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Headteacher’s Letter 25 March 2022

Dear Parents and Carers

I ought to start by praising the generosity of students again last week as they raised over £600 for Comic Relief. We continue to emphasise the importance of compassion but also the positive impact that giving has on our own wellbeing.

What’s it like to be a student at CNS?

You will be aware that we are very actively seeking opportunities to talk to students about their lives at CNS. We want to know how happy, safe, challenged and supported they feel so that we can be that ever-improving school.

Just after Easter we shall resume the third phase of our ‘sixth sense surveys’ – speaking to one sixth of our student body about their lives in and out of school. Meanwhile, yesterday, the leadership team met with a different group of students from across all age ranges. We wanted to find out what it was like to be a learner at CNS and to investigate the progress felt by students in terms of our determination to provide the very best learning experiences.

I share this with you because it is important that parents and carers are reassured that we are committed to both listening and acting on feedback. These processes help us share findings with colleagues, return to our key teaching and learning principles, and seek greater consistency and ‘excellence as standard’ across the school.

For me at least, the comments from the students I chatted with were incredibly helpful. In particular, they spoke about students being really well behaved because there was a general understanding that time could not be wasted anymore as a result of schools being closed and so forth. Furthermore, they spoke with great clarity on the value of teachers being passionate about their subject and ensuring that lessons were relevant to their world and their future. They acknowledged our focus on recall and memory, strong oracy activities, and the need to become better readers so that their reliance on adults diminished over time. They valued models and the way that we scaffold great responses.

Collectively, the leadership team felt strongly that we have an incredibly cohesive student body who share a commitment to learn and a desire to enjoy school and to be really successful.

Absence Updates

I am sure your children have spoken to you about the relatively high number of staff absences that we have absorbed in recent weeks. COVID rates amongst students and staff appear to have peaked but we must assume that this will rumble on for some time yet. You will be aware that we have avoided sending year groups home and remain confident that we will be able to avoid this occurring at CNS. At times, we have amalgamated groups into the new dining room and the students have been truly superb: cooperative, engaged and cheerful.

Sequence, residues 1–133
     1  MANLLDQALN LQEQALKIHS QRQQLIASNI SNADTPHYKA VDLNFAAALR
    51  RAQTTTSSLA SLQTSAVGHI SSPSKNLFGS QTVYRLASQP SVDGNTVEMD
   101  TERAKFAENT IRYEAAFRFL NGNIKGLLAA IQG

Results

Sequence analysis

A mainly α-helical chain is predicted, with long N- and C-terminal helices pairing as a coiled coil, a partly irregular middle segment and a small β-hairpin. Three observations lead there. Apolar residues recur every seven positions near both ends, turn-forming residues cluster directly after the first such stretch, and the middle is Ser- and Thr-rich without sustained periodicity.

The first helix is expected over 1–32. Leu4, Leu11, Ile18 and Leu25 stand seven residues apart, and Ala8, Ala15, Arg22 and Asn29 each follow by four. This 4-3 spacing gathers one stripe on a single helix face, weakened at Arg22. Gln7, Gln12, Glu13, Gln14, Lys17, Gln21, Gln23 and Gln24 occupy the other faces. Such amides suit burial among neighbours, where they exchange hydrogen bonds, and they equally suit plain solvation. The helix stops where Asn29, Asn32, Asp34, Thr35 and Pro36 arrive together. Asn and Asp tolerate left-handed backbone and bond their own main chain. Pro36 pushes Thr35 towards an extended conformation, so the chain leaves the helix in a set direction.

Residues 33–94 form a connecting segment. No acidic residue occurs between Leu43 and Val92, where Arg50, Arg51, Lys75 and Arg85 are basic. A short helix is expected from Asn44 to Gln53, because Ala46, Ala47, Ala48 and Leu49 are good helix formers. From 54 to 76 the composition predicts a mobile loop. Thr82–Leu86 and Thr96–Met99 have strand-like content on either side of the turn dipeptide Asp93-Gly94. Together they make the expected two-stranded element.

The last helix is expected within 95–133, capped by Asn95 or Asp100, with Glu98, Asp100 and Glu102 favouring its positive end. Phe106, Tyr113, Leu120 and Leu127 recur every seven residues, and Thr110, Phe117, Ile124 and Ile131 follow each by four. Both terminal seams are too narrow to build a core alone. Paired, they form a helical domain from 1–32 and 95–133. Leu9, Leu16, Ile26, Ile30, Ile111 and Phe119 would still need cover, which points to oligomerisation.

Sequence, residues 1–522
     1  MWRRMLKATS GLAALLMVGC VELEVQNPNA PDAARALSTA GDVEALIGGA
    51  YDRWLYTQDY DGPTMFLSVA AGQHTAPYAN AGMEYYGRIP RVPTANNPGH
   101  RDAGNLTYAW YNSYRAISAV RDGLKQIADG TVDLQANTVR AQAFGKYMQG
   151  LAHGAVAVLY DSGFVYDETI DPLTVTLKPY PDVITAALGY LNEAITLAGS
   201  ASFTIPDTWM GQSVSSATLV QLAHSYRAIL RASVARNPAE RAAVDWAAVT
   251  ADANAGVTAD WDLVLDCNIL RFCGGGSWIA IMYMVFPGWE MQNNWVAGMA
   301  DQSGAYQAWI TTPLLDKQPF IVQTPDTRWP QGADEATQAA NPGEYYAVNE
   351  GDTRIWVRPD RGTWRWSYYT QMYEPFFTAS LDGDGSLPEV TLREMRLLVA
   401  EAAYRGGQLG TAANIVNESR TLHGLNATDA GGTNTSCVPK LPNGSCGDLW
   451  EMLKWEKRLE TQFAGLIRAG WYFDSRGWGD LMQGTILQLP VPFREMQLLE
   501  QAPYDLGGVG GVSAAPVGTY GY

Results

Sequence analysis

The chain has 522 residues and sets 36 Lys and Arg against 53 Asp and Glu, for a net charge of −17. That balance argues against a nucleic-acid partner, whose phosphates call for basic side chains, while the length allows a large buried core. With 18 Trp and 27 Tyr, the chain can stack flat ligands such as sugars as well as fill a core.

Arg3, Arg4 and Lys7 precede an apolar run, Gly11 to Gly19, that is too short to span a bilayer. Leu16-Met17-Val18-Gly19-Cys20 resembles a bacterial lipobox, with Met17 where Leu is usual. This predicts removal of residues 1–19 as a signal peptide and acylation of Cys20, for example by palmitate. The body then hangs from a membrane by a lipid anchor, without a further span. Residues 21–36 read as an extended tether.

Overall attendance at CNS remains much lower than in recent years and this is true of all schools across the country. Whilst COVID enforced absences are unavoidable (for students and staff), we need to share a collective determination and effort to minimise all other absences. This is why we shall try to reinvigorate our push for great attendance in the summer term and challenge all of us to seek 100% attendance in that final term. There is no value in being critical of those who are absent, but we must celebrate those who achieve high attendance because we know that a single absence can disrupt the learning journey. It is much like missing an episode or two of our favourite drama, and then hoping to carry on watching the remainder of the season without fully catching up on the story we have missed.

‘Study Leave’

So much has changed in education over the past 20-30 years – not least ‘study leave’. Mr Trainer will be in touch with students and families of year 11 and 13 students very shortly. He will set out our plans for how timetabled lessons will gradually come to an end. There are no abrupt ‘final days’ anymore in any school, and instead a more gradual movement toward fewer ‘normal lessons’ as exams start to build up. We know that students benefit from highly structured revision and support and that they are much more likely to be successful if we carefully manage their gradual shift from normal lessons to examinations.

  • The first big GCSE examination is at 9am on Monday 16 May (philosophy & ethics), with other examinations rapidly building up after that day and straddling the half term.
  • The first big A level examination is AS level mathematics on Thursday 19 May.

Having children in both year 11 and 13, I have dreaded for many years the months that lie ahead… I understand the rollercoaster of emotions and the way that energy levels, organisation, or a single unexpected test result, can pivot hope to despair and back again. My top tips are as follows:

  • Endless patience;
  • Have a constantly updated revision plan that includes equals amounts of study, rest and time with friends;
  • Endless patience;
  • Authorise lighter housework duties (it’s not worth trying to get them to clean the kitchen till late June);
  • Endless patience;
  • Keep the final life and career goals in mind;
  • Endless patience;
  • Remember there is a ten-week summer holiday in which to watch the whole of Netflix;
  • Endless patience;
  • Discreetly vent your frustration with fellow adults or via a newsletter to families (not them)…;
  • Just smile and wave!

Have a wonderful but slightly shortened weekend!
Yours faithfully
Barry Doherty

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